Speaking to SiliconRepublic.com, Hamilton said she proposed the change in order to “take the stress off of people” who, for example, wanted to be able to run errands at a time when it wasn’t busy.
“Everyone said yes. Nobody was like, ‘no, I want that extra day’. So we tried it and it was great,” she said. “We decided to make it one day instead of a floating day. Fridays are the day off so you can have an extended weekend and the trial just became the norm.”
Hamilton said she felt that choosing a set day where everyone was off meant it was less likely that employees would try to put five days of work into four days or leave tasks unfinished for others to pick up.
“If everybody’s off, then everybody will not answer their emails. Everybody will be cool. Everybody will not be drawn back to work and or guilted back to work. And it’ll be a systemic thing rather than hoping that these very high-performing, ambitious people will take that time for themselves.”
Hamilton said her team have found the flexibility extremely helpful to “survive emotionally through this pandemic”.
“They bring it up on their own. They say it in different ways. I haven’t seen any lack of productivity. That’s been awesome,” she said. “I think people feel really comfortable saying, ‘I’m just going to take some time for myself’.
Bringing in a four-day week wasn’t without it’s challenges though. For Hamilton, she found herself not adhering to the rule in the beginning and instead had a ‘I’ll mind the shop’ mentality so that others would take the day off.
“I was just sort of like, ‘I’ll be here. Everybody, take off and that will make life better’ and then I realised that I wasn’t setting a good example and so I stopped doing that,” she said.
“Now you can’t find anybody on Friday. But at the very beginning that probably took, three to six months for everybody to get used to.”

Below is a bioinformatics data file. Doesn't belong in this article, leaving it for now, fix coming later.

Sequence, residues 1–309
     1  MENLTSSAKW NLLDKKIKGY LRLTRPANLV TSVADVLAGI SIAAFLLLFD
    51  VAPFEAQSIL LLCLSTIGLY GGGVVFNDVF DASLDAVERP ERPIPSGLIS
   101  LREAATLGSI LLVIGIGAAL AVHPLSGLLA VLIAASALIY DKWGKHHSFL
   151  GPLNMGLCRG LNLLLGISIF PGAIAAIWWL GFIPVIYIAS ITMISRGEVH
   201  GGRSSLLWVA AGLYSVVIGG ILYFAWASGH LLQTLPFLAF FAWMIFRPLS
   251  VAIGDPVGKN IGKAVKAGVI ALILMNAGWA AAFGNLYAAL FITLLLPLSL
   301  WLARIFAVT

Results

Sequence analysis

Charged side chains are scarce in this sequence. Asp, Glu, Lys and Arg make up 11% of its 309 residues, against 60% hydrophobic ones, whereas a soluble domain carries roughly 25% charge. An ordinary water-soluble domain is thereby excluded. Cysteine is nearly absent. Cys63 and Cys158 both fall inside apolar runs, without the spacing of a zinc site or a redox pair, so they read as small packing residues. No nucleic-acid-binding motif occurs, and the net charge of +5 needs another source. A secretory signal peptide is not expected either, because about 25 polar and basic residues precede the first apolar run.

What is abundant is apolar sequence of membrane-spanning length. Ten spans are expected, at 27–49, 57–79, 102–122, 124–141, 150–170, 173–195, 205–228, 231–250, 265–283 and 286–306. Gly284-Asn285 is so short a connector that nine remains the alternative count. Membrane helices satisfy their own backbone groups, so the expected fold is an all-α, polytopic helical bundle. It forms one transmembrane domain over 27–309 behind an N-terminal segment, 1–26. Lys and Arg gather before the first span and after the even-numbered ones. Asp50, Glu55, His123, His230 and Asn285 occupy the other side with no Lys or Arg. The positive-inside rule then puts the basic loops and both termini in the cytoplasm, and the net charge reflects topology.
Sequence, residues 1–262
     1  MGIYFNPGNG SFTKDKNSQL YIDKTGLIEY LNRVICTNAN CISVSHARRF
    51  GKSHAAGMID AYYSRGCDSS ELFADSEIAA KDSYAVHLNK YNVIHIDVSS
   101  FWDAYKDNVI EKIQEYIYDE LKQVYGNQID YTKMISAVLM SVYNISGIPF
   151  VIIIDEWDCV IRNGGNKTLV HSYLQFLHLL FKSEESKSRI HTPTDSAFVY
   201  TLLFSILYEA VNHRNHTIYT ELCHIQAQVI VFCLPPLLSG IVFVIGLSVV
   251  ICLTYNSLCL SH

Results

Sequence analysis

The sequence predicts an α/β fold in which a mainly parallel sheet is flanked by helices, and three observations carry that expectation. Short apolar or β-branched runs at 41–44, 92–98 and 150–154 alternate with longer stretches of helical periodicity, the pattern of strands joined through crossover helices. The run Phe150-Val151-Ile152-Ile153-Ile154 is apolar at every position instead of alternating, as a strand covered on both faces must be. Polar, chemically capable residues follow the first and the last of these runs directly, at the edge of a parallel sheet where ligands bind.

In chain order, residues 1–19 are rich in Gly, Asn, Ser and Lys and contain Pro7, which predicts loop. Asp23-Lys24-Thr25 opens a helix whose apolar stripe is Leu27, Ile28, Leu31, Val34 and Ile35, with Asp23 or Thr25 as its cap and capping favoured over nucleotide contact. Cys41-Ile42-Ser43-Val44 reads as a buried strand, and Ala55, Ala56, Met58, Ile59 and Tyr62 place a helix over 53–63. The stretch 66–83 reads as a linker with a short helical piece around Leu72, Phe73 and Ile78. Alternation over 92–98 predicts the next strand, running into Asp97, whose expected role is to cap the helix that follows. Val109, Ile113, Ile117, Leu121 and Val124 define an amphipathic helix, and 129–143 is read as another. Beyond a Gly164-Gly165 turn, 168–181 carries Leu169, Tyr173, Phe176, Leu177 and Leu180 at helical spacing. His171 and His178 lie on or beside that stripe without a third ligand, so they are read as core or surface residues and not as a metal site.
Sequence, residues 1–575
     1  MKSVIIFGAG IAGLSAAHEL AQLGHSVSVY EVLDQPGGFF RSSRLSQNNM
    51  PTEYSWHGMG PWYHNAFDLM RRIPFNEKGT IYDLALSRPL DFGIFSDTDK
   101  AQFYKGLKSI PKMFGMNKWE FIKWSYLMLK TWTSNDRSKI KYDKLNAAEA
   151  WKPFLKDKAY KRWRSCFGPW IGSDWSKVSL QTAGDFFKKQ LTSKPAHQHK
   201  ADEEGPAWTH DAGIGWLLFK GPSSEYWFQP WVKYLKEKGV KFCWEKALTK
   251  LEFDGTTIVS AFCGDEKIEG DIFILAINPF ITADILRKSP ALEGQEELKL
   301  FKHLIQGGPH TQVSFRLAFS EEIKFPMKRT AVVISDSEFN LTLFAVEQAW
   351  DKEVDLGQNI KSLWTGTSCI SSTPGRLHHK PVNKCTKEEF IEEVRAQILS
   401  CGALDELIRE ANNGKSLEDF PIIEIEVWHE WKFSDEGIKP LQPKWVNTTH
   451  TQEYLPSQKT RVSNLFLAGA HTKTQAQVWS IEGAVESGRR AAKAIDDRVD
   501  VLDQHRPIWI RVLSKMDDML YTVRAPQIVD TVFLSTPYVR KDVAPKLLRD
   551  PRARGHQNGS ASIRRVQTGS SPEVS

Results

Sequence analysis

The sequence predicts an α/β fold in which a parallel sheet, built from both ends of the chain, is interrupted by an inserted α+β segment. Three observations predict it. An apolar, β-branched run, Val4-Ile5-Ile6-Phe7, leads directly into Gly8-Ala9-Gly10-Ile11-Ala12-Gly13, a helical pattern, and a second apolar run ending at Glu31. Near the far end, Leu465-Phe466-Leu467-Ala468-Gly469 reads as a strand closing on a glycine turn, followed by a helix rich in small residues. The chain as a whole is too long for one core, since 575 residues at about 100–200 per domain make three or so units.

What should leaders do?
Signifyd’s Mikailli said it’s tempting for companies to look for reasons why a shorter work week won’t work, but it’s important to put people at the centre of the conversation.
“We all have fallen into the ‘more is more’ trap despite the data showing otherwise,” she said. “But we are truly fortunate to have one of the most people-centric, forward-thinking leadership teams and they were unanimously in favour of finding a way to make this work.”
And Hamilton said, provided a company can afford to do it, she can’t think of a reason not to.
“At the very least, you maintain productivity. You don’t have to worry about losing productivity because by Friday, most people are burnt out to begin with and they’re just sort of on autopilot.”
She also said leaders have the option of exploring different ways a shorter work week might work for them, whether it’s all on one day like Backstage Captial, or whether it’s different days for different teams, or there are different schedules.
“As leaders, we have to pivot, we have to adapt. We have to take into consideration people who are not just ourselves and how we would react to something. All those things I think are not just good for people’s soul, but a good for the bottom line,” she said.
“Anytime you can hold on to your star players without spending more necessarily, I think is a good thing.”